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Guest Blogger Amy Reece: Parenting a Child with Special Abilities

I haven’t had the privilege to meet Amy Reece yet, but I’m very close friends with her fantastic sister Melissa Tagg, whom many of you know and love. Melissa and I share a common bond–we are aunties to the most amazing kids. My niece Lilly is my sunshine, the light of my heart (or blueberry if you read my acknowledgement in Lakeside Family). Melissa’s nephew Ollie is a beautiful child with a constant smile. One look at him and you will fall in love. I asked Amy to be a guest on my blog to share her joy in parenting a child with special abilities. Yes, children with special abilities face medical and physical challenges, but they possess such an amazing joy that is so contagious.  

My son was laying on his back with his hands in the air, and was opening and closing his hands as if he was trying to sign “book” to me.  He had a strong look of concentration on his face, so I just watched him for several moments.   When he stopped, I asked if he would like to read a book.  He didn’t quite seem to make the connection, so we proceeded to another activity. 

A short time later, I asked him again if he would like to read a book.  He looked down at his hands and very clearly and deliberately signed book to me three times in a row!

My heart melted and tears came to my eyes as I realized I had just witnessed my son discovering a new word of communication!

My son, Oliver “Ollie” Lelan Reece was born two years ago with Down Syndrome and two major internal and external heart defects.  In Ollie’s young life he has endured two hospital stays totaling close to eight months, and survived four open-heart surgeries.  In addition, Ollie battles vocal cord paralysis, congenital heart disease, hypothyroidism, low muscle tone, tracheal malacia, reflux issues, developmental delays, and requires the aid of a ventilator, trach, and G tube.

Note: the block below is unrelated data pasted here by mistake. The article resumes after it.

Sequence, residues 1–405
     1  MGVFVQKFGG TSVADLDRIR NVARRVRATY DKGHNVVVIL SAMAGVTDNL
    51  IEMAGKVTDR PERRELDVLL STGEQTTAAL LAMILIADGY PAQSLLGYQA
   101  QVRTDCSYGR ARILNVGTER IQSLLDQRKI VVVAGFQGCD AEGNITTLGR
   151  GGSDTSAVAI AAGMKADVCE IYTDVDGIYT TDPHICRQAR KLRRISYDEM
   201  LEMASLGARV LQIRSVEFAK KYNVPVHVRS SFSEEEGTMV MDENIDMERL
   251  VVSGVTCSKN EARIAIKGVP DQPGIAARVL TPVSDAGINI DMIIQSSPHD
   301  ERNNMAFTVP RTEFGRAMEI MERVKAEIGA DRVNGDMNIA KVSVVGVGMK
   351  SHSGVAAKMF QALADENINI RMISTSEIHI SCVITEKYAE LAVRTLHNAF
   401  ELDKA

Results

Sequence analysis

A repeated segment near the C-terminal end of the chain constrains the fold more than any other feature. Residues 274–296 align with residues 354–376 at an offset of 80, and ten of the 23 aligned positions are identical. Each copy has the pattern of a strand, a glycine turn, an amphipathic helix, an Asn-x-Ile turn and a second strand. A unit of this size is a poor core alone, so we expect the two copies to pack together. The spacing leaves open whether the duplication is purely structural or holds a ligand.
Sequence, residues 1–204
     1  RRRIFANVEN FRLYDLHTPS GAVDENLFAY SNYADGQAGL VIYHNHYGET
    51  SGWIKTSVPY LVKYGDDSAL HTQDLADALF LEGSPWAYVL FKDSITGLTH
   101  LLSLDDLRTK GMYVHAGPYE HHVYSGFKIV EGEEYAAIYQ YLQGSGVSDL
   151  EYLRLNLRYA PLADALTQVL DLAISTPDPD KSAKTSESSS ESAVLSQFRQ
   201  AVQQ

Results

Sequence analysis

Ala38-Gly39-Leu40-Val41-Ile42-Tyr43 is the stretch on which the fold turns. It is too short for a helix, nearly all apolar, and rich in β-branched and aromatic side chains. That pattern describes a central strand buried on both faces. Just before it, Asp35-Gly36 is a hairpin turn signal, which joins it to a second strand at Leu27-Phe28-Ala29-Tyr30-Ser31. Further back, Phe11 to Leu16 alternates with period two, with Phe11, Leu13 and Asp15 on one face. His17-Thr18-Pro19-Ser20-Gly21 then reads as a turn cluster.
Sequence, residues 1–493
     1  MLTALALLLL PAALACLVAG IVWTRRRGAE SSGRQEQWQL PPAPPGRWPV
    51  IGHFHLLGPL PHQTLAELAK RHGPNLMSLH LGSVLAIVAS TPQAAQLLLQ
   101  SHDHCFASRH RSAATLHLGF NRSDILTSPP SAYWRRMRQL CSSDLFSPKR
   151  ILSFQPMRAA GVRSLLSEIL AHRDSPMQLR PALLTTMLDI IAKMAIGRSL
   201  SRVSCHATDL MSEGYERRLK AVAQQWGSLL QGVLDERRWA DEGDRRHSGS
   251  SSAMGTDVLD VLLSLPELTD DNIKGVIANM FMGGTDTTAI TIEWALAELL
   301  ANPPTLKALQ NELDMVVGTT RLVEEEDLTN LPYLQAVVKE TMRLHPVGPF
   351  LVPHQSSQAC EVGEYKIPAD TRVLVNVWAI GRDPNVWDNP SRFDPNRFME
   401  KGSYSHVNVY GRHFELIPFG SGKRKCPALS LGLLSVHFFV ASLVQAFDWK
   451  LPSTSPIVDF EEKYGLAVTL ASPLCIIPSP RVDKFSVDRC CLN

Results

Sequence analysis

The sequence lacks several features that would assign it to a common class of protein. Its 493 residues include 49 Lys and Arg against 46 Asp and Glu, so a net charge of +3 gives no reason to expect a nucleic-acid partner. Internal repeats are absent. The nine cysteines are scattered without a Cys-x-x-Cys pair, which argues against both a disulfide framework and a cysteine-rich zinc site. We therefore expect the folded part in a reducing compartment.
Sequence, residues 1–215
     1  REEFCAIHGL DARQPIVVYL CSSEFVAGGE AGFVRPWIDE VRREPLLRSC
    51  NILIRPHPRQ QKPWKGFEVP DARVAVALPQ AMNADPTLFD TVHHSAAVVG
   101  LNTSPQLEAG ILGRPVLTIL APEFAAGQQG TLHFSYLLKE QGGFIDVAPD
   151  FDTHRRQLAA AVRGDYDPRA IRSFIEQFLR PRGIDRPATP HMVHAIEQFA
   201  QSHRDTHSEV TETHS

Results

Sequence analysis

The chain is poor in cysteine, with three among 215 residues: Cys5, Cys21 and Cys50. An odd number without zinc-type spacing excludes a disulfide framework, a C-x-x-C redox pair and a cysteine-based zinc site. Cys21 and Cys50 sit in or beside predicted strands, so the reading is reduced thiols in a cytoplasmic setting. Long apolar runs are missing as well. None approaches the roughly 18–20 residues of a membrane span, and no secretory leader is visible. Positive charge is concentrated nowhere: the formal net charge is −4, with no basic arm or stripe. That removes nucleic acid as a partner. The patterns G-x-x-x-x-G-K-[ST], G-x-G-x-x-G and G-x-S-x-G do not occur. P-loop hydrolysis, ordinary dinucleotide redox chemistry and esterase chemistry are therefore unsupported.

Because of all these factors, Ollie sees a multitude of doctors and participates in a substantial amount of therapy.  But despite all these difficulties, Ollie lives life with so much vitality!

While my son faces so many challenges, he is still like any other child full of smiles, energy, and the desire to explore his world and conquer new skills. 

It seems often when people find out that our son has a disability and medical needs it can make them uncomfortable.  

My husband and I have always felt that the term special needs or disability should instead be referred to as “special abilities” because we see Ollie as Ollie, a child full of amazing talents and a phenomenal personality and attitude, not as a child defined only by his Down Syndrome.  

My son is truly one of the most amazing people I know. I feel so privileged and honored to be his parent.  While I am able to teach Ollie skills like a new word in sign language, Ollie teaches me to never let challenges or differences hold me back from living life with great passion and joy!! 

Your Turn: Are you a parent or a relative of a child with special abilities? Or maybe you have a friend who parents a child with special abilities? How have these amazing children helped you to view life?

Lisa Jordan
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